The classical combination of chromogenic compounds used in pressure-sensitive copying systems is a mixture of Crystal Violet Lactone and Benzoyl Leuco Methylene Blue. The Crystal Violet Lactone is responsible for providing the initial image which, however, is very unstable to light and moisture. This defect is overcome by the use of Benzoyl Leuco Methylene Blue which develops slowly by initiation with light, providing a greenish-blue image to replace that of the fading Crystal Violet Lactone and which is extremely light stable. However, this image suffers the disadvantages of being rather green in tone, lacking in contrast and hence not very efficient when a multiple series of copies are required. It is also not copyable by means of the commercially available reprographic machines.
It is the object of this invention to provide a further range of slow developing chromogenic compounds which exhibit good light and air stability and may be used as colour formers in formulations involving a very wide selection of instant developing chromogenes now available.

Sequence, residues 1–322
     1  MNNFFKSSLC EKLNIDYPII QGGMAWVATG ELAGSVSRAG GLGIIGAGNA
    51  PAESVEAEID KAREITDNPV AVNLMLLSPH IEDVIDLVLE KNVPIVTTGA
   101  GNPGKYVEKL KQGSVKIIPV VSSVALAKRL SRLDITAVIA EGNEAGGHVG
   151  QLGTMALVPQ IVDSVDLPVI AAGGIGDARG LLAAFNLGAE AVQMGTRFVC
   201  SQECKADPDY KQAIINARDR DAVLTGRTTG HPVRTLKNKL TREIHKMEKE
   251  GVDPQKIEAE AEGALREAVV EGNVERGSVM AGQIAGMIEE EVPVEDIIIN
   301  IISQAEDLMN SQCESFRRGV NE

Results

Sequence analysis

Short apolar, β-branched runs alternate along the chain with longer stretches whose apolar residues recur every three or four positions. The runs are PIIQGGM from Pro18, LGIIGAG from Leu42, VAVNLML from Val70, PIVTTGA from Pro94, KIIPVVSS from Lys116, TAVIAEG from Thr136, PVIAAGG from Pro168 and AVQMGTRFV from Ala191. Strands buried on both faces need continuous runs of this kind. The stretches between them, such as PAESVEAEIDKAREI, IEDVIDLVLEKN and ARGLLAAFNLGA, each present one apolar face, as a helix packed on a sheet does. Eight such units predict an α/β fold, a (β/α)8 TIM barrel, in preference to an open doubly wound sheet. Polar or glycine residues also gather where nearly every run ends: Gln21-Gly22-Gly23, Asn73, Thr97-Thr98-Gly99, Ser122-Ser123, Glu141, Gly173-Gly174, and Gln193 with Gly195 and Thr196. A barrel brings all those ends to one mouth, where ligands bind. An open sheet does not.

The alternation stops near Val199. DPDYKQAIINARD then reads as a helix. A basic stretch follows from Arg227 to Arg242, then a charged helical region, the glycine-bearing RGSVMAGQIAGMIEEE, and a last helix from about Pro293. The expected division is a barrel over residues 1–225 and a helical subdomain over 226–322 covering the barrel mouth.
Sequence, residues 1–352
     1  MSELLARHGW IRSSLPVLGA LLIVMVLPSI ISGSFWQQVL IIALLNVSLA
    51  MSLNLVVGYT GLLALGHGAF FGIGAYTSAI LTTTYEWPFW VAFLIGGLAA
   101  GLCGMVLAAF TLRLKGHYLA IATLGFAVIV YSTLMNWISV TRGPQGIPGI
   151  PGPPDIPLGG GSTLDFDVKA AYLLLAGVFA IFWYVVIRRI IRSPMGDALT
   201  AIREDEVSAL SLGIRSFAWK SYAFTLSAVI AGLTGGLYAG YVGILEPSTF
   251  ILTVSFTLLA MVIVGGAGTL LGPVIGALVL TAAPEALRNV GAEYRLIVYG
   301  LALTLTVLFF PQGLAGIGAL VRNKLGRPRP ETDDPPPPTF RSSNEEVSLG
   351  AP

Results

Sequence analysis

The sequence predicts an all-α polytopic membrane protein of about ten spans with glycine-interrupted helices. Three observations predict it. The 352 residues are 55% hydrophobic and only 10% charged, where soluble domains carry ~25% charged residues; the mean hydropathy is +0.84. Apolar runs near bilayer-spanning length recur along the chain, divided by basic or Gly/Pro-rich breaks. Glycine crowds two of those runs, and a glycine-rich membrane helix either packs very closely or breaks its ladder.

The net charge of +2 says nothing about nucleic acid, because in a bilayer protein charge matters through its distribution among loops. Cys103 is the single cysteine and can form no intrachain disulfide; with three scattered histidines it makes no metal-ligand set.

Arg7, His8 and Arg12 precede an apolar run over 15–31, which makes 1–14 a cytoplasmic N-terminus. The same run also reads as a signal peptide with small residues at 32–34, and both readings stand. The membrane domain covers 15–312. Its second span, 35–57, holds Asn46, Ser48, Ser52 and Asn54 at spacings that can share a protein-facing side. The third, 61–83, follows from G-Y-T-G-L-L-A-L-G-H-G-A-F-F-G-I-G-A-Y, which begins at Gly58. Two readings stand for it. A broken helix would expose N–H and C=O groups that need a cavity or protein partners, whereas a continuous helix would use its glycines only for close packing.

This is provided by a series of indolyl methylene compounds having the formula ##STR2## wherein X1 and X2 independently of the other, represent alkyl with 2 to 12 carbon atoms, alkenyl with at most 12 carbon atoms or phenylalkyl with 1 to 4 carbon atoms in the alkyl part, Y1 and Y2 independently of the other represent hydrogen, alkyl with 1 to 12 carbon atoms or phenyl, Z represents alkyl with 1 to 12 carbon atoms, alkenyl with at most 12 carbon atoms, aryl, aralkyl or an heterocyclic residue and the rings A and B may be further substituted by cyano, nitro, halogen, alkyl having 1 to 4 carbon atoms, alkoxy having 1 to 4 carbon atoms or acyl with 1 to 8 carbon atoms.